Compensation planning in a slowing economy

The right data and tools help HR make informed, credible decisions
By Vivian Dell'Agnese
|Canadian HR Reporter|Last Updated: 11/13/2001

The current economic environment is fuelling many challenges and difficult decisions for human resource professionals. From a compensation perspective, tough economic times mean the coffers may be light or even empty when the time comes to grant pay increases and bonuses for 2001 performance.

Tough messages on the compensation front are just part of the challenge for organizations grappling with declining market conditions. Other challenges include trying to maintain focus on business priorities while implementing major change initiatives such as restructuring, workforce reductions or hiring freezes. As organizations facing these types of changes can attest, maintaining employee morale and retaining top performers become especially difficult.

The right data and tools, however, can help human resource professionals make informed decisions when dealing with the implications of tough economic cycles, so they can focus their efforts and develop credible responses.

On the compensation front, knowing what other organizations are doing or considering may help in defining compensation strategy in the current environment. Research from consulting company Towers Perrin provides some insight into how the economic changes in recent months have affected compensation planning.

Towers Perrin’s Salary Management Survey, completed in August, revealed that projected salary increase budgets for 2002 averaged 3.8 per cent. This was up one per cent from the overall average projections a year ago.

Given the changing economic climate and recent global events, Towers Perrin conducted a second survey in October to assess whether organizations were planning, or had introduced, changes to initial compensation planning projections. The results of the survey provide noteworthy insights into the state of compensation management across a broad spectrum of Canadian organizations.

Most recent survey data suggest that projected salary increase budgets for 2002 have decreased slightly to an average of 3.5 per cent from the original 3.8 per cent reported earlier.

Respondents were asked whether they have made or are planning adjustments to their rewards programs. Many respondents indicated they are taking a “wait and see” approach. About 70 per cent of the respondents have not made any changes to salary increase budgets, although 28 per cent have reduced their budgets to date or plan salary freezes. Further, of the organizations that have not made adjustments to their salary increase budgets since the events of early September, 21 per cent are considering adjustments in the form of lower budgets or planning for salary freezes.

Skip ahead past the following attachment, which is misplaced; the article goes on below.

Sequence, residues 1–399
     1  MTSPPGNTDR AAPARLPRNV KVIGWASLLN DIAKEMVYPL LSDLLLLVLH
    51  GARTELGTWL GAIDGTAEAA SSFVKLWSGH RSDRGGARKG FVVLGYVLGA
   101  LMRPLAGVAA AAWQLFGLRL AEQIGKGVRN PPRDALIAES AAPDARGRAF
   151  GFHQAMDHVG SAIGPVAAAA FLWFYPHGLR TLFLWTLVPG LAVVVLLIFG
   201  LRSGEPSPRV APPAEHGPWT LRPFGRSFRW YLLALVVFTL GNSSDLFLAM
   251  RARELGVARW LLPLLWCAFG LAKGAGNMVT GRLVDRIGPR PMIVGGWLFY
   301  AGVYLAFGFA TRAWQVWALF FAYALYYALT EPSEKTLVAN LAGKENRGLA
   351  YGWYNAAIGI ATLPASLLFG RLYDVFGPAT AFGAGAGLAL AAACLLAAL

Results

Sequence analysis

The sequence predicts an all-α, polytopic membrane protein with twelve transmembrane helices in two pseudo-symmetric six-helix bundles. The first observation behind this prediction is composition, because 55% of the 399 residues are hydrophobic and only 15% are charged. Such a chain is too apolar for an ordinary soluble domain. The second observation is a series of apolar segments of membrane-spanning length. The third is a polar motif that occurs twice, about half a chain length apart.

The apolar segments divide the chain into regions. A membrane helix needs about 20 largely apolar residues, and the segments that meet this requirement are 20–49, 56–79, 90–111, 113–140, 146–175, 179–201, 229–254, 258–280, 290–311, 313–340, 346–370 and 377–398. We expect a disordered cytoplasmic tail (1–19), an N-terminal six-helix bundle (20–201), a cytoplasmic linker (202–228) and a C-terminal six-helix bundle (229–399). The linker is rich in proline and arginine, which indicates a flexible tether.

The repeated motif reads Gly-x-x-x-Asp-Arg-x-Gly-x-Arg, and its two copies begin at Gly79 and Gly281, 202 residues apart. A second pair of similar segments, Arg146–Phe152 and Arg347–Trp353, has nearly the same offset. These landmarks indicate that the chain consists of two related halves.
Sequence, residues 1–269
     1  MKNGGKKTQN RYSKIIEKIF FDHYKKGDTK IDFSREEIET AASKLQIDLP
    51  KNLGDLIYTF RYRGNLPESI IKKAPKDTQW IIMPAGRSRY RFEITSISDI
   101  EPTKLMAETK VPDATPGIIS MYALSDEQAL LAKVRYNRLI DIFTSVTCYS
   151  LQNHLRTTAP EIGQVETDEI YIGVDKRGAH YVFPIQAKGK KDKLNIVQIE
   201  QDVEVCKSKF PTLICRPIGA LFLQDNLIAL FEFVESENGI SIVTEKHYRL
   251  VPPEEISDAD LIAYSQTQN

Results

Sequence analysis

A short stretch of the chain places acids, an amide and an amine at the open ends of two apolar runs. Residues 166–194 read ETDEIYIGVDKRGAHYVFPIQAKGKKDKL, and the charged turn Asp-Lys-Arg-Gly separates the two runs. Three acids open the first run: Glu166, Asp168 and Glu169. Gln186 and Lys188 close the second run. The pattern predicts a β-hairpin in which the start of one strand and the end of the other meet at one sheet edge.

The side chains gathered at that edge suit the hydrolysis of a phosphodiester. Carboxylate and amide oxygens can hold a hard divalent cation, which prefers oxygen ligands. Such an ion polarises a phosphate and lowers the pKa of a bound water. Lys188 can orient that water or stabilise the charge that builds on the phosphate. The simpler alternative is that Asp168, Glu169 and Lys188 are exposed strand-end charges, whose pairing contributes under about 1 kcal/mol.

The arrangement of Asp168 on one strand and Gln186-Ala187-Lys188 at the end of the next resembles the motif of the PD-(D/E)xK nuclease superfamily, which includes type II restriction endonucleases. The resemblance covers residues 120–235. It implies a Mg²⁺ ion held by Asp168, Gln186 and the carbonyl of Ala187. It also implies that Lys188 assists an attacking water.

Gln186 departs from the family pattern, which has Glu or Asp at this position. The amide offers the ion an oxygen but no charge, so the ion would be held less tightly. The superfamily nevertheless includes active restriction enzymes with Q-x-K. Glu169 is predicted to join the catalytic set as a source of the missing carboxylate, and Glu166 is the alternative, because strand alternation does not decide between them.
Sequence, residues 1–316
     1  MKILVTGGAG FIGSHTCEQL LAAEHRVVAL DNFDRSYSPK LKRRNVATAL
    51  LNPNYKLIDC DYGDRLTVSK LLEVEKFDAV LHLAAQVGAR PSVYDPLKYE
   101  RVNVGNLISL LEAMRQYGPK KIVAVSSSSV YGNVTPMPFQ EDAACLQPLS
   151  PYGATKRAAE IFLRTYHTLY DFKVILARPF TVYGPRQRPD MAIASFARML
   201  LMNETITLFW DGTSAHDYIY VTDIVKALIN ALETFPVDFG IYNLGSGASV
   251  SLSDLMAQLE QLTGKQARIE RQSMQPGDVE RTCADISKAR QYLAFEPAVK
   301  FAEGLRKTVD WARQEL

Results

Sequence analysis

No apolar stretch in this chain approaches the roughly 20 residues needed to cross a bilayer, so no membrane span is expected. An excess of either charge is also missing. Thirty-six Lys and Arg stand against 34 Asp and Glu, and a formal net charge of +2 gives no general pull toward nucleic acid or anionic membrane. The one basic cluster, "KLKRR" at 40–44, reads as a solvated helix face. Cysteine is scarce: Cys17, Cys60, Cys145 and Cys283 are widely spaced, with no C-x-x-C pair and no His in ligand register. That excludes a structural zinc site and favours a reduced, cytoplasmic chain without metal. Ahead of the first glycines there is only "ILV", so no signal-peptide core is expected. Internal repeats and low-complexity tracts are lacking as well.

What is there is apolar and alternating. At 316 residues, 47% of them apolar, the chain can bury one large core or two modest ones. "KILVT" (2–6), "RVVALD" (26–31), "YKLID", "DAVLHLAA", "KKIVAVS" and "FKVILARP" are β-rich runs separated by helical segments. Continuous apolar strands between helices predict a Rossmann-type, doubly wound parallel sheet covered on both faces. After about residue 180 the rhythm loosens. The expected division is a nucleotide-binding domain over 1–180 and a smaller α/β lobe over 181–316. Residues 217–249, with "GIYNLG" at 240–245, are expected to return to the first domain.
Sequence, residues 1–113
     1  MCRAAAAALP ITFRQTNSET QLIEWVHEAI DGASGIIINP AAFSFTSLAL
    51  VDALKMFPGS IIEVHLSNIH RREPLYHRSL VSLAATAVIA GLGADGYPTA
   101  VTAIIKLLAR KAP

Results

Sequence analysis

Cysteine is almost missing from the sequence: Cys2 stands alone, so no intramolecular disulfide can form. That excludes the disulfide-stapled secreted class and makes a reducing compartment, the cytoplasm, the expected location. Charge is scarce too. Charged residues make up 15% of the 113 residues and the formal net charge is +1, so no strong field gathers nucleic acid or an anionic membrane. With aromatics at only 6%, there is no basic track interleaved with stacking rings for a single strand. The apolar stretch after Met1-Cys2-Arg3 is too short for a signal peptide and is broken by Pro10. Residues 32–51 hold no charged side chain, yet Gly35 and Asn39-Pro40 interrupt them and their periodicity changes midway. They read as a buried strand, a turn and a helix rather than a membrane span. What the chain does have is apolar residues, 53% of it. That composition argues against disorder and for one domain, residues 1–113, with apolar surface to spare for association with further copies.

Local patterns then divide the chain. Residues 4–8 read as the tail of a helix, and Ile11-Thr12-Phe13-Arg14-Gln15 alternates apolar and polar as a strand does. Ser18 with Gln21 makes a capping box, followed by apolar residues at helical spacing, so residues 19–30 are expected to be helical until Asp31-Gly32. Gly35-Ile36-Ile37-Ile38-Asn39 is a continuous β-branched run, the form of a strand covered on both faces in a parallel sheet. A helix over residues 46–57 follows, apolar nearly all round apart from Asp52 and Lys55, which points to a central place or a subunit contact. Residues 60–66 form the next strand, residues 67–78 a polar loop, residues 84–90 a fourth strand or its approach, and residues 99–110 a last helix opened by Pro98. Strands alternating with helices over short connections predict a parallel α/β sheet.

Given the move towards performance-based pay, 90 per cent of respondents indicated that salary increases will be awarded based on individual performance which may include zero awards for low performers. It is important to remember that rewarding high performers, even during tough economic cycles, continues to be a factor for retention of these employees. Other forms of rewards, such as non-cash awards, may also be a consideration for organizations facing lower or zero salary increase budgets.

Surprisingly, more than 60 per cent of responding organizations indicated that initial projections for annual incentive plan payouts have not changed since their original forecasts, although 40 per cent expect lower payouts. With respect to stock options, more than 95 per cent of respondents that offer this type of long-term incentive indicated that they will not be making any changes to their stock option programs. Nonetheless, the survey reports 55 per cent have experienced a decrease in share price since July and 55 per cent reported that they have employees who hold underwater stock options (the current share price lower than the grant price).

Although some organizations may be delivering some tough pay messages in the months ahead, open and frank communication can help them weather the storm. Employees will need to understand the business reasons why pay increases or bonus payments may not be as robust this year as they might have been in years past. They will also need clear direction about where the business is going — and where they should be focussing their efforts — to help the organization succeed.

Finally, organizations need to let top performers know they are valued whether it be through higher than average increases, non-cash recognition or positive feedback from management.

Vivian Dell’Agnese is a compensation consultant in Towers Perrin’s Toronto office. She can be reached at (416) 960-2846.

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